Zimbabwean President Robert Mugabe faces impeachment proceedings in the Zimbabwean Parliament on Tuesday, after refusing to resign from his position as demanded by his party, Zanu-PF, on Sunday, The Times reported.
But Mugabe's exit and who will replace him are not a foregone conclusion, with fears that Zanu-PF will try to rush the impeachment proceedings without following constitutional requirements. The party will also need opposition support to impeach Mugabe, and this is not guaranteed.
The Times reported on Tuesday that, according to a source, the impeachment plan could be shelved if Zanu-PF could not agree on how to deal with the issue. The issue is further complicated by the fact that Zanu-PF will need the cooperation of the opposition MPs to impeach Mugabe, and some are reportedly not happy with the process.
Opposition leaders are reportedly unhappy with Zanu-PF's stance, that the issue is a Zanu-PF issue alone.
The opposition also has several demands that they will insist on before agreeing to the impeachment.
On Monday, Zanu-PF met to discuss the issue, particularly the issue of succession. Since Mugabe fired his vice-president, Emmerson Mnangagwa, the natural successor should be second vice-president Phelekeza Mphoko, who is in exile in Russia.
Mugabe would have to be persuaded to reappoint Mnangwagwa if he were to take over as president.
According to the BBC, MP Paul Mangwana said outside Parliament on Monday that Mugabe is a "stubborn man. He can hear the voice of the people but he is refusing to listen".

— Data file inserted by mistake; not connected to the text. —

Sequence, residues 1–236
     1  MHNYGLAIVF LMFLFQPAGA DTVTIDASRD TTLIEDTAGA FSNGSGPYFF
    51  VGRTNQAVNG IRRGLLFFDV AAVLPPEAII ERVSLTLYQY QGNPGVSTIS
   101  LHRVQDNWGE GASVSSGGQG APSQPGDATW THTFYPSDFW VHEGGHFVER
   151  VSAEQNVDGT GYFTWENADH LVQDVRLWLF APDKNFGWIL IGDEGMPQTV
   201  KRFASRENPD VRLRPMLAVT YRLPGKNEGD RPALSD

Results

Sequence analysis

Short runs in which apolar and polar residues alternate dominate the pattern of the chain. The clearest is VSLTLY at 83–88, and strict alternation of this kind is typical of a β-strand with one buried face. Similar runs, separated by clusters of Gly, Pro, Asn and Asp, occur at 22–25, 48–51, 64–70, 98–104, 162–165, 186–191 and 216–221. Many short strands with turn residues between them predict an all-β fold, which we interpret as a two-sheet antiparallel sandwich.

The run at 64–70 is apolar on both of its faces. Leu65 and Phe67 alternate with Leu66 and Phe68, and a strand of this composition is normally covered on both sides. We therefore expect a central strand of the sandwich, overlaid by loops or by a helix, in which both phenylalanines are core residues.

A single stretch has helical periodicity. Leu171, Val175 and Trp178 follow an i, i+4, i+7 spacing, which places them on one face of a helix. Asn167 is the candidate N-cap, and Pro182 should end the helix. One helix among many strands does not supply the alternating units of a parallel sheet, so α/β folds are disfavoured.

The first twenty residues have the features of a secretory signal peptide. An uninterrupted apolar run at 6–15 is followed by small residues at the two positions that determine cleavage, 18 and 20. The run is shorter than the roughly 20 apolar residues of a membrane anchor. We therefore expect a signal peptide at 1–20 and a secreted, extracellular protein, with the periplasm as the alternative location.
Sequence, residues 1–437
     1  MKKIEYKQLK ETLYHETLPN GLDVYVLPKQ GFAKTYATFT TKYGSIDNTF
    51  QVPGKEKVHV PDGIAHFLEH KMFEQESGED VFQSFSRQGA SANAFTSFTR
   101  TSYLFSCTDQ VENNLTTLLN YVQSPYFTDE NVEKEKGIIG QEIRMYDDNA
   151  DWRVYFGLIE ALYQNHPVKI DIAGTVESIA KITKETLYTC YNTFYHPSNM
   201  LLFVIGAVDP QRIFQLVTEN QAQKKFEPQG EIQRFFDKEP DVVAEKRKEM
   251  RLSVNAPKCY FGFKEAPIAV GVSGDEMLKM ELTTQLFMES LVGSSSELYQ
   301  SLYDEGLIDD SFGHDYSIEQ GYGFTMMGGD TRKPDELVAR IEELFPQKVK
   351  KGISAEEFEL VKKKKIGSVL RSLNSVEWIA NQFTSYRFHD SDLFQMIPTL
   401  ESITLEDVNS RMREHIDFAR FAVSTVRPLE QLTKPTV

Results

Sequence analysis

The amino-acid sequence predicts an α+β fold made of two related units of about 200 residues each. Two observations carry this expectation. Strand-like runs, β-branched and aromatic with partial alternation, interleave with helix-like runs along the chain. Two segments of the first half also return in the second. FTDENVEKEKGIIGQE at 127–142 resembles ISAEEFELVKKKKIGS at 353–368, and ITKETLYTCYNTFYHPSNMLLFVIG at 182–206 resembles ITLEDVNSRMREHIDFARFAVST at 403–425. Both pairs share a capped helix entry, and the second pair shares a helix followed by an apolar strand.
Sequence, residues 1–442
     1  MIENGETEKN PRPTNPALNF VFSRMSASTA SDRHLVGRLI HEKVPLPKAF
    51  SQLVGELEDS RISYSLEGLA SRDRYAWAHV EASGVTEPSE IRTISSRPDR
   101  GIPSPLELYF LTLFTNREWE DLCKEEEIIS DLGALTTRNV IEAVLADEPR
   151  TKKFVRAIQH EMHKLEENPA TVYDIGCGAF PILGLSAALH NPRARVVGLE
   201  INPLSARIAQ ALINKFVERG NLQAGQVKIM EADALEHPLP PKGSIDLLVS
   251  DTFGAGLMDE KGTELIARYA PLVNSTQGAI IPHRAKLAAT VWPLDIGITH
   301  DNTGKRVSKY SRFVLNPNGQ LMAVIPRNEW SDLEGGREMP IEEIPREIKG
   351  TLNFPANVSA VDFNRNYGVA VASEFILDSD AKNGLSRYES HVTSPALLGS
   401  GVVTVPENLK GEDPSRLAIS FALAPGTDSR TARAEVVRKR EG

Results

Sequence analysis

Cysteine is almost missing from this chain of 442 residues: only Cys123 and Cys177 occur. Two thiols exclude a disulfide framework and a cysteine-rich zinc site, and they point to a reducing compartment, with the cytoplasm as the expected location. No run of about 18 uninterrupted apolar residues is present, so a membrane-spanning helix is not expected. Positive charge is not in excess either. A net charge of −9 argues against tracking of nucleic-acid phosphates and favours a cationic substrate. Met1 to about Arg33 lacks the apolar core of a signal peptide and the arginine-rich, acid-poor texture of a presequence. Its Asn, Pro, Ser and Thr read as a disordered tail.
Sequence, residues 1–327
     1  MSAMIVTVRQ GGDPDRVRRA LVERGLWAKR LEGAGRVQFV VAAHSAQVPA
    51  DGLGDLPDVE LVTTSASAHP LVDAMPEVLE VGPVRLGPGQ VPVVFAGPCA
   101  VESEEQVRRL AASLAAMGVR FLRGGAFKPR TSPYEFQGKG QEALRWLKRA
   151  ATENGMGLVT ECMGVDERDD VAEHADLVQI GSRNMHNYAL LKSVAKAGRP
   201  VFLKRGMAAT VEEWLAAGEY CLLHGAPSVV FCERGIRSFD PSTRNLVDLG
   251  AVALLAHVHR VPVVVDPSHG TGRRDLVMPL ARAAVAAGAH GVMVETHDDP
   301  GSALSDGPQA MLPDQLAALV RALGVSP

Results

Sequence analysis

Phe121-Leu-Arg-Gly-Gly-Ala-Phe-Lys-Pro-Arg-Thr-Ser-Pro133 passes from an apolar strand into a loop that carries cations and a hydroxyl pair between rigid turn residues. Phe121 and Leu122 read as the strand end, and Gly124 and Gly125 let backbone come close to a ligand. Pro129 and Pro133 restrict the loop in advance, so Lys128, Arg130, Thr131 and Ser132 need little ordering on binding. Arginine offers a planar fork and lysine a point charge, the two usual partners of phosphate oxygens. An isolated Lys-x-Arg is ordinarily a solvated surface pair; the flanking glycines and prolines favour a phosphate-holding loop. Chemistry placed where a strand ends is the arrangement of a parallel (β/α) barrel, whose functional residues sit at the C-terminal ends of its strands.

He reportedly said that Mugabe is accused of allowing his wife, Grace, to usurp constitutional power.
The impeachment process, if it goes ahead, could be completed by Wednesday "because the charges are so clear", he reportedly said.
Zanu-PF members are determined to get rid of Mugabe on Tuesday and seem confident of opposition support.
Zanu-PF MP Vongai Mupereni was quoted by News24 as saying, "We want to get rid of this animal called Mugabe. We have the numbers, the opposition is also going to support us."
The army, meanwhile, has called for calm as the situation unfolds.
Army chief Constantino Chiwenga reportedly said that there was good progress in the talks over Mugabe's exit. He added that Mnangwagwa was expected to arrive in the country soon.
"The security services are encouraged by new developments which include contact between the president and the former vice president... who is expected in the country shortly. Thereafter the nation will be advised of the outcome of talks between the two," he reportedly said.